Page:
Jeff Horn said he was stepping down as Bainbridge police chief — and retiring from Washington state law enforcement — “with a heavy heart.”
Horn, the interim head of the city’s police force, submitted his resignation letter Friday, Nov. 15 and it was accepted by City Manager Morgan Smith on Monday, Nov. 25.
The timing was a surprise, coming just days before a planned community reception for the public to meet three finalists for the police chief position.
In his resignation letter, Horn, who joined the Bainbridge department as deputy chief in 2014 and became interim chief after the departure of former chief Matthew Hamner for Banning, California, set his last day of work at Dec. 5.
“It has been my honor to serve the residents of the city of Bainbridge Island for the past five years and be a member of the Bainbridge Island Police Department,” Horn said in his resignation letter.
“It is with a heavy heart that I move on to other opportunities,” he continued. “I will work with Interim Deputy Chief Weiss in the time before my last day to get him up to speed and ready for the transition to the new chief. While I have had many successes during my time here, I will say that serving as the Accreditation Manager and helping the department become state accredited for the first time in history was very rewarding.”
“I wish you and the department success as I transition out,” Horn wrote.
Horn was named interim chief after the departure of Hamner in January.
The city announced in late July it would conduct a nationwide search for a new police chief, and said at the time it planned to reinstate Horn as deputy chief after the new chief was hired.
The city’s consultant firm of Strategic Government Resources has narrowed a field of 35 applicants to three — Joseph “Joe” Clark, currently deputy police chief of the Norfolk Police Department in Norfolk, Virginia; Carl Nielsen, police chief for Centralia; and David “Dave” Westrick, the police chief of Hollister, California — and Bainbridge expects to hire a new chief by the end of the year.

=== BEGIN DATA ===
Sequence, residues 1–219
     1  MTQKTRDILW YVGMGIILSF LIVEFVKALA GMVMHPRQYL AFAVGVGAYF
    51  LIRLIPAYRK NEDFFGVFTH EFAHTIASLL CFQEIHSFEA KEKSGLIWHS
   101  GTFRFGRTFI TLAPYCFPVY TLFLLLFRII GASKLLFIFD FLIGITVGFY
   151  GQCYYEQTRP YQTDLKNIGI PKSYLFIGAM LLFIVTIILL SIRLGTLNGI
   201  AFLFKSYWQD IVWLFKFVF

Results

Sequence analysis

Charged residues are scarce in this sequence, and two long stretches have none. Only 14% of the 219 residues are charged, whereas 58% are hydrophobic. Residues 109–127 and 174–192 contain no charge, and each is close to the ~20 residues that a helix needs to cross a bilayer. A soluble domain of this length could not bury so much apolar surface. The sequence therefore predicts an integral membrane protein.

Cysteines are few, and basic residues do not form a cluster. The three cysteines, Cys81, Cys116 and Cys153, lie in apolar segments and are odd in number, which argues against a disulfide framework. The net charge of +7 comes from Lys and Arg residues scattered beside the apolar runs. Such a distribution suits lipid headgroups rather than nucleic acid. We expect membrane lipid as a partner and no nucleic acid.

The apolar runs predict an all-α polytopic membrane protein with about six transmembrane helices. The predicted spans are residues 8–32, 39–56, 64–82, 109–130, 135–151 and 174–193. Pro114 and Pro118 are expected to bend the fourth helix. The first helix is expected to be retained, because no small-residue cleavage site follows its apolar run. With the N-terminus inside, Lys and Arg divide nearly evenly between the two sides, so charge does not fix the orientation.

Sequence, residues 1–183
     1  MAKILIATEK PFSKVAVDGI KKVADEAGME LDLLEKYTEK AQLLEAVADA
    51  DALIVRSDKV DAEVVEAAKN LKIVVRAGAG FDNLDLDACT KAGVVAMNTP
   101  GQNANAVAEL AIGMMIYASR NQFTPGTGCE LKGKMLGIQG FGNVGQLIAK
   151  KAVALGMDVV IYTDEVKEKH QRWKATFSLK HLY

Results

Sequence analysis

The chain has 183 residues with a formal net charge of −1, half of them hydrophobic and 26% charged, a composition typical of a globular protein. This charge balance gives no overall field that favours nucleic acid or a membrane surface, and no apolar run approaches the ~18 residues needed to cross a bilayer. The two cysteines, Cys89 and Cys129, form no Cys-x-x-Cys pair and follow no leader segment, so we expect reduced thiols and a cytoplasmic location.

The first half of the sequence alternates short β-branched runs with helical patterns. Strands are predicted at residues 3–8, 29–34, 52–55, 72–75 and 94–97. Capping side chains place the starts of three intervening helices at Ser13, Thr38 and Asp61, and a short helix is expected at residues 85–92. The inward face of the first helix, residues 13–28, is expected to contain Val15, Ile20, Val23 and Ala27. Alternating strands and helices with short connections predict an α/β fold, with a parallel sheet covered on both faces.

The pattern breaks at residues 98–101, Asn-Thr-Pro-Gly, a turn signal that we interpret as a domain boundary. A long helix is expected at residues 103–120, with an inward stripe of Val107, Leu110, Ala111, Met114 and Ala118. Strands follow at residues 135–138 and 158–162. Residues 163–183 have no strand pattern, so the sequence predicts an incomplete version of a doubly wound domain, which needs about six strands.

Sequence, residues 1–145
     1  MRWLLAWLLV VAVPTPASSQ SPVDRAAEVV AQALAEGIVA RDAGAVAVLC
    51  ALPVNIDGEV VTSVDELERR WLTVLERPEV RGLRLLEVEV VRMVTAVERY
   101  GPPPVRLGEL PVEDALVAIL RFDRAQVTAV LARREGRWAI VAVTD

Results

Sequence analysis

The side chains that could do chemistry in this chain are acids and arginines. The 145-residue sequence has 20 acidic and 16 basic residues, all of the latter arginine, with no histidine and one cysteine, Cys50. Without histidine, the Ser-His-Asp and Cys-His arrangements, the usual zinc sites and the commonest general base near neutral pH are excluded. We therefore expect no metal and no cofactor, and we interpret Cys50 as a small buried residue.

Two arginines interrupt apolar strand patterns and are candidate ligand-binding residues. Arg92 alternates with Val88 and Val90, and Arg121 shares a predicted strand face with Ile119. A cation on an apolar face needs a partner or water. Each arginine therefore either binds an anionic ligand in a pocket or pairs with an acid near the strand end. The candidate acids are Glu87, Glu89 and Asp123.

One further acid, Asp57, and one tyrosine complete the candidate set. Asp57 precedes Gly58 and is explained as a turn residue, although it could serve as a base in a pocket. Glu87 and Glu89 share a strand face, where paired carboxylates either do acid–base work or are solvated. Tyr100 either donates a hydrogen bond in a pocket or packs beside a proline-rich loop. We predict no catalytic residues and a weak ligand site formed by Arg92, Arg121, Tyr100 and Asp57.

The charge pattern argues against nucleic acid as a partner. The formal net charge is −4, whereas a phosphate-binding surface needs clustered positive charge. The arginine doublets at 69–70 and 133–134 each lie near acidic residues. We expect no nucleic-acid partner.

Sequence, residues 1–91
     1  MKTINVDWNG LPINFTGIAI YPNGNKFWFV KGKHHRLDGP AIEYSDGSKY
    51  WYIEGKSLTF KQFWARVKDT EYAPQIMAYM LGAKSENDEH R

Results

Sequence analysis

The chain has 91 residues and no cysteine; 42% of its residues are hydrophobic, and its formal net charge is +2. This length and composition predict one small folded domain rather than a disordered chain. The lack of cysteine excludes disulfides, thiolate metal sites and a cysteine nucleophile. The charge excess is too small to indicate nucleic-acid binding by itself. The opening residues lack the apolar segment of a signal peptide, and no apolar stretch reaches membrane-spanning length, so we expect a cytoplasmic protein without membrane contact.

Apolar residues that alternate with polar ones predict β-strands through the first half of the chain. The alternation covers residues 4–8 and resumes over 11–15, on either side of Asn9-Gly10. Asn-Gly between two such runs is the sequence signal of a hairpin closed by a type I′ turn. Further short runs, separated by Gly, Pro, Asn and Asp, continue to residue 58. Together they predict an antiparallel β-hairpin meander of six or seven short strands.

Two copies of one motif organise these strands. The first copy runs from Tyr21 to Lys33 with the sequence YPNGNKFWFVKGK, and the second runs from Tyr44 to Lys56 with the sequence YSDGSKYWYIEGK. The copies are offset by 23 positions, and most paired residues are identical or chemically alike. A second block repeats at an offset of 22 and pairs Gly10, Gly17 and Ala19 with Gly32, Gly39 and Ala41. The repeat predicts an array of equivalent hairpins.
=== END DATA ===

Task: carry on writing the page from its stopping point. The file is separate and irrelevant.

Horn joined the Bainbridge Island Police Department in the second-in-command post in August 2014.
Previously, he had worked alongside Hamner for 20 years in the Indianapolis Metropolitan Police Department.
Horn completed his training at the Indianapolis Police Department’s Training Academy in February 1995, and has worked as a patrol officer, neighborhood resource officer, field training officer, accident investigator, sex crimes detective, sex crimes detective sergeant, field supervisor, training instructor and training supervisor.
Horn previously told the Review that he had interviewed for a police job in Banning, Calif., but has since not said publicly what his future plans may be. He did not respond to a request for comment earlier this week from the Review.
Smith, Bainbridge’s city manager, thanked Horn for his help during the changeover in the chief position at the Bainbridge Island Police Department.
“Chief Horn’s extra effort over the past year has helped to provide stability to the department and community during this period of leadership transition,” Smith said in Monday’s announcement that Horn was stepping down.
“Having worked together for five years, I have a high regard for his positive attitude and commitment, and I wish him success in his next position,” Smith added.
Smith immediately installed Deputy Chief Scott Weiss as acting police chief following Horn’s resignation.
City officials said Weiss will serve as interim chief until a replacement chief is hired.